Soviet ground forces on the Kola peninsula are limited in size compared to requirements for a major offensive against central portions of North Norway. Their numbers have been fairly stable for two decades, although marginal changes have taken place in connection with the restructuring of Soviet army units. The ground forces on the Kola peninsula consist of two motorized infantry divisions of category B status. In addition there are missile, artillery and air defense support brigades and a marine infantry regiment. No fighter-bomber aircraft are deployed to airbases on the Kola peninsula. The only tactical aircraft (belonging to Frontovaya Aviatsia) are two squadrons of reconnaissance aircraft at the top of the panhandle. The rest of the active airbases are operated by the air defense forces (PVO Strany). Thus it is possible to discern some possible restraints with respect to deployments.
With respect to operations, major Soviet exercises on the Kola peninsula in recent years apparently have not included maneuver forces such as airborne troops and marine infantry units. It also seems that the practice of including the embarkation of motorized infantry units in the exercise pattern has been de-emphasized. These are the elements in the Soviet pattern of exercises which had been causing the most public concern in Norway. It is therefore possible that the rudiments of a pattern of mutual restraint may be emerging. Such a concept is central to the broader notion of Nordpolitik.
Norway joined NATO in order to put its defense in a collective framework. However, Norway recognizes that it is neither feasible nor desirable to establish a military balance indigenous to Northern Europe. The military preponderance of the Soviet Union in Northern Europe is a result of deployments which relate directly to the global equilibrium with the United States in the realm of central war and naval forces. Therefore, an attempt to establish a sub-regional military balance in Northern Europe could amount to a challenge to the Soviet position in the larger calculus. At the same time, Norway does not want to become a victim of the dictates of such a calculus. There is more to international relations than the military safety and competition of the major powers. The pattern of alignment and restraints must reflect also the will of small and medium powers to pursue their national interests and an international order based on the notion of the equality of states.
NATO provides a framework for Norwegian drawing rights on the larger equilibrium in Europe. Linkage to the security structure in Europe at large is a means to preserve a low military posture in Northern Europe. However, that posture has to present credible obstacles to military aggression consistent with the maintenance of a defensive emphasis. Allied reinforcements rather than forward stationing constitute the core of deterrence on NATO's northern flank.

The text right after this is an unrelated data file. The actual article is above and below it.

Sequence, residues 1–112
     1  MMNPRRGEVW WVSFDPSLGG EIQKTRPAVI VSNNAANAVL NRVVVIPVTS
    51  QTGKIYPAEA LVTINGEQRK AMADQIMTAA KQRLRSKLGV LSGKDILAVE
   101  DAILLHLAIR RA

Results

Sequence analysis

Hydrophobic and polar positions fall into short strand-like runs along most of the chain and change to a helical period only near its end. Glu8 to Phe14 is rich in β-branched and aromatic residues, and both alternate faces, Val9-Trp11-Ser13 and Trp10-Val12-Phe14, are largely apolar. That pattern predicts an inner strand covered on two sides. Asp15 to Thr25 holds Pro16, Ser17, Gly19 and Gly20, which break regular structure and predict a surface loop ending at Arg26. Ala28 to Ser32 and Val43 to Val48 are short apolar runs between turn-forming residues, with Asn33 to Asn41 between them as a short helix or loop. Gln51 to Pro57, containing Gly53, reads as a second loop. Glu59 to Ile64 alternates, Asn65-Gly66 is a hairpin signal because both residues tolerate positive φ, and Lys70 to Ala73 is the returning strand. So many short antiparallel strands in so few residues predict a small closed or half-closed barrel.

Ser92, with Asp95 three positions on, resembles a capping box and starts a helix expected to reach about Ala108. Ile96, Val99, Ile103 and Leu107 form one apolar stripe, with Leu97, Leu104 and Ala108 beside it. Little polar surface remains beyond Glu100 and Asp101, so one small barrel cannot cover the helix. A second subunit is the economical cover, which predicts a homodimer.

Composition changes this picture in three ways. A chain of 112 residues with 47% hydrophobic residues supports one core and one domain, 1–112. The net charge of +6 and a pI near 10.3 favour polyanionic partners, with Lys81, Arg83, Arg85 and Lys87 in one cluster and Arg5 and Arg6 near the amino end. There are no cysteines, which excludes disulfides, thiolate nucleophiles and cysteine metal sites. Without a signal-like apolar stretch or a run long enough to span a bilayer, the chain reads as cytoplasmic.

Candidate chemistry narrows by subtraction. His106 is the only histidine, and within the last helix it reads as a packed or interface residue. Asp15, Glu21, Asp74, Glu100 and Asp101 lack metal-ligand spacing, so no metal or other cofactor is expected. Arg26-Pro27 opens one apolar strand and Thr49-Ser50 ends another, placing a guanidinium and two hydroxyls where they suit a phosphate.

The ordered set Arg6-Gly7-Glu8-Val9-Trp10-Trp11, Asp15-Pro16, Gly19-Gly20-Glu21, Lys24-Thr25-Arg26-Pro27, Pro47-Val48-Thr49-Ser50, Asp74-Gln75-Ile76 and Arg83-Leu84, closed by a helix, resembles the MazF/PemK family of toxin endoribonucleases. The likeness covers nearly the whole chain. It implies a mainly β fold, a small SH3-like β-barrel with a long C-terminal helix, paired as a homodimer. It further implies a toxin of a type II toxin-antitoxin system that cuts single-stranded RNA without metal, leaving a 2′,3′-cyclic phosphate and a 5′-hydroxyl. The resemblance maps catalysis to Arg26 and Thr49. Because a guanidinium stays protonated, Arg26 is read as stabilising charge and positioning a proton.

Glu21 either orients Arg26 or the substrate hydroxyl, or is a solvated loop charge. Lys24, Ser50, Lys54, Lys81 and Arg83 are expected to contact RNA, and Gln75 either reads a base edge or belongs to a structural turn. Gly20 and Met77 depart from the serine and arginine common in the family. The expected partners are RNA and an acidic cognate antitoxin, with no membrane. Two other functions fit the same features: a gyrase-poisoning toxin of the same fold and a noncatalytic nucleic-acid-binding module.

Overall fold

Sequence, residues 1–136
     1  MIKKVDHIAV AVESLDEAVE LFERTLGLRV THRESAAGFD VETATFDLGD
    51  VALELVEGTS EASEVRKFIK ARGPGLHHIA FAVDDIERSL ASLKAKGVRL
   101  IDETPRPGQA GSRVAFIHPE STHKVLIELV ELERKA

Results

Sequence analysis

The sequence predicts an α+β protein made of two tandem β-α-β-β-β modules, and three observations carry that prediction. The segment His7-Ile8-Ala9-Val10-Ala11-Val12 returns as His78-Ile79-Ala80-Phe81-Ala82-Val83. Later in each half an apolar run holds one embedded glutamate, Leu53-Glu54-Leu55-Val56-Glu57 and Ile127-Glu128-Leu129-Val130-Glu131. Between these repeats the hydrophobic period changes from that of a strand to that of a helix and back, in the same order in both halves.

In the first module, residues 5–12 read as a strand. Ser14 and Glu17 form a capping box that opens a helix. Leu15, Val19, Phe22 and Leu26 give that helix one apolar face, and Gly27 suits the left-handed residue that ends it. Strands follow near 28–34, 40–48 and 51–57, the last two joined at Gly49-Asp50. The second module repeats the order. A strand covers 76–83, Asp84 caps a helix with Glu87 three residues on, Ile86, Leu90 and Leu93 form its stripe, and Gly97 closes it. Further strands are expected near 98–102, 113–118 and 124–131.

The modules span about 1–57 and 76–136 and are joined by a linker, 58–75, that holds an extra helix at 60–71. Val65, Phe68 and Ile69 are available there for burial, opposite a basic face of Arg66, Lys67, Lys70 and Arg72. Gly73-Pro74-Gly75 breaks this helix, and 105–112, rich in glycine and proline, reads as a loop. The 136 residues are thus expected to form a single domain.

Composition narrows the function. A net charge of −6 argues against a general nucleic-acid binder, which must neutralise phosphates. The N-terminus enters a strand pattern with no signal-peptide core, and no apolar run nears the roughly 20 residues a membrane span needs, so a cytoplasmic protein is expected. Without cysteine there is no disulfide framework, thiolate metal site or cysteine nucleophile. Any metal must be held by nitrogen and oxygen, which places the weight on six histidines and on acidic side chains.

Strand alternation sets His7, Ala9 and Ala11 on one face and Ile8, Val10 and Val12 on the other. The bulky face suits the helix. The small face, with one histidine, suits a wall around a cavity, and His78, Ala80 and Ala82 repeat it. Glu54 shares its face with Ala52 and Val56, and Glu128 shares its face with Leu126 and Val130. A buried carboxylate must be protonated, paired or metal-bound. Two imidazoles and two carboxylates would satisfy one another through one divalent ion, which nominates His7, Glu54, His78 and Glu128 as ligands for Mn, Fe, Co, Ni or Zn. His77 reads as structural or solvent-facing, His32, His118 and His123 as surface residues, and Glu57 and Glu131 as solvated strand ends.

In January 1981 Norway and the United States signed an agreement for the prestocking of certain heavy equipment and for host-nation support of a U.S. marine amphibious brigade as Allied reinforcement to Norway in an emergency. Norwegian authorities decided that the depots would be located in Central rather than North Norway, although on purely military grounds prestocking should, in the view of many observers, have taken place in North Norway.
However, broader considerations entered into the decision. In the ambiguous circumstances of an actual crisis situation, any government might shy away from decisions which promised to rock the boat. Moving U.S. marines into Central Norway could constitute a more credible means of demonstrating resolve with the aim of deterring attack, and involve a smaller escalation potential than a direct move into North Norway. It might therefore lend itself to earlier implementation. It would certainly provide options for redeployments to exposed areas. Therefore the choice implied increased flexibility with respect to alternative contingencies, and enhanced protection for the reinforcements during the vulnerable reception phase. There was also the need to demonstrate defensive intentions vis-à-vis the Soviet Union and to preserve the equilibrium in Northern Europe vis-à -vis the Nordic states.
The agreement on prestocking for an allied U.S. marine amphibious brigade in Central Norway enabled Norway to decide on prestocking equipment for an additional Norwegian regimental combat team in North Norway. Thus the combined solution resulted in improved rapid-reinforcement capabilities for both North and Central Norway, and was consistent with the established pattern of combining insurance with reassurance. The net result of the decisions was to increase the options for forward defense within a concept of flexible response. A limited amount of prestocking has also been decided for the U.K. Royal Marines (over-snow vehicles) and for some units of the Canadian Air-Sea Transportable Brigade Group which has been earmarked for reinforcement of Norway.
The most time-urgent needs for reinforcement in an emergency would be fighter aircraft, primarily air defense aircraft, to supplement the 72 Norwegian F-16s. The picture with respect to air reinforcement has been somewhat confused, as few NATO squadrons had airfields in Norway as initial deployment bases, and in most cases only as one of several additional deployment bases. The new rapid-reinforcement plan in NATO presumably will result in greater certainty, more suitable aircraft, and more realistic (but smaller) numbers. A certain amount of prestocking of fuel, ammunition and "yellow gear" at key airfields under the U.S.-Norwegian Colocated Operating Bases agreement will add to the effectiveness of allied conventional air reinforcement.